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  • From “The Summer of 1848” – Book 4 of the Olivia series

  • I recently published the latest (but not the last) book of the Olivia series. The first two chapters are available on my site. Here is a taste of what comes later: From the woods came loud cracks of breaking twigs and branches. Someone or something was charging past Mourning, sacrificing stealth for speed. But Mourning couldn’t see who or what it was. Kip? No. He couldn’t possibly be moving that fast. Mourning turned to look behind him, but saw no…

  • An Ordinary Man

  • That’s what I see in this face. My guess would be that he had either been through an ordeal or was speaking with compassion about someone else who had. This man was a loving husband and father, a good neighbor and employee, and an excellent administrator, well-respected for his efficiency and high work ethic. His interviewer quoted him as saying, “. . . my profession. I enjoyed it. It fulfilled me. And yes, I was ambitious about that, I won't…

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  • From “Olivia, Mourning”

  • For a moment she imagined the forlorn figure she must present – draped in black, stark against the glare of the snow, with the rust-colored splash of Tobey’s wide-brimmed felt hat on her head. She remembered the heavy oil paintings that hung in the public library over in Hillsong and could imagine a similar one of her, its neatly lettered caption reading “Orphan in Snow.” She clenched her jaw tight and stepped onto the walk, determined that no one was…

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  • Books by James Alexander Thom

  •   I should be ashamed to admit that I only recently discovered this author when one of his books (Follow the River) and then another (The Sign-Talker) were discounted and advertised on BookBub. I look forward to reading more, despite how demoralizing an experience that is for an author of historical fiction who is not named James Alexander Thom. Never mind the amount of research this man does – that could easily result in a stunningly boring book. But in…

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  • From “The Lonely Tree”

  •   When Tonia went down to throw out the trash one evening, she saw Rina standing on the other side of the street, whispering with Shai, one of the older neighborhood boys. She had just opened her mouth to shout "Rina has a boyfriend!" when Shai pointed at her. She tossed the garbage in the bin and skipped over to join them. "She"s too little," Rina said. "My mother would kill me if we got caught." "So we won"t get…

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  • Get Even More Serious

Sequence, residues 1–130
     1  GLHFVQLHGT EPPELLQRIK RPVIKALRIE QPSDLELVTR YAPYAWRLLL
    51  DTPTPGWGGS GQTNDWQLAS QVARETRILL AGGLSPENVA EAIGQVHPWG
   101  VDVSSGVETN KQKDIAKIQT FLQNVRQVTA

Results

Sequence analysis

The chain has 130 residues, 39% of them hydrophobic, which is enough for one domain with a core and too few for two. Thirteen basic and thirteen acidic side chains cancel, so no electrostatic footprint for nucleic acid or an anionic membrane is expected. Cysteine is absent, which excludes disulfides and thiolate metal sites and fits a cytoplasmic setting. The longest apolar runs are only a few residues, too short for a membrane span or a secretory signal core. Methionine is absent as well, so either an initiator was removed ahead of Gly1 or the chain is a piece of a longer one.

• You know how you nag your kids? Watch out –  they grow up and start nagging you right back. Sometimes it's even worse than that. I found myself being scolded that just because I don't enjoy doing something, that doesn't mean I don't have to do it. Not everything in life is fun. In a previous post I wrote about learning to take myself seriously as a writer. But at least that's something I enjoy doing. Then the minute I…

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  • Cane River by Lalita Tademy – Great Historical Fiction/History

  • I first read this book over a decade ago, but recently picked it up again, and again had trouble putting it down. Based on the author's years of research into her own family's history in a small community in Louisiana before, during, and after the Civil War, it takes an unblinking look at the complicated relationships between slaveholders (black and white), slaves, and free people of color, often focusing on white fathers and their mixed race children. It is extremely…

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  • The Paper Dolls Did It

  • I am working on a second book about Charlene, Reeves, and Charlie and plan for there to be a third. In the last one Charlene will come into possession of Olivia's fourth journal. But how? I haven't found a believable way for that to happen. I am also working on another book about Olivia and Mourning, in which Olivia and her friend Michelle continue their business, making and selling paper dolls, playing cards, and post cards. My great-grandmother and her…

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  • Get Serious

  • Writers are a strange lot. Most of us approach our first work of fiction fretting and sweating – do I have the talent/inspiration/originality to carry it off? But we seldom doubt our basic writing skills. After all, we are the kids who got As on their English essays and heard things like, “Oh my gosh, your letters are so funny, you ought to write a book!"   I remember myself, many years ago, struggling with the manuscript that would evolve…

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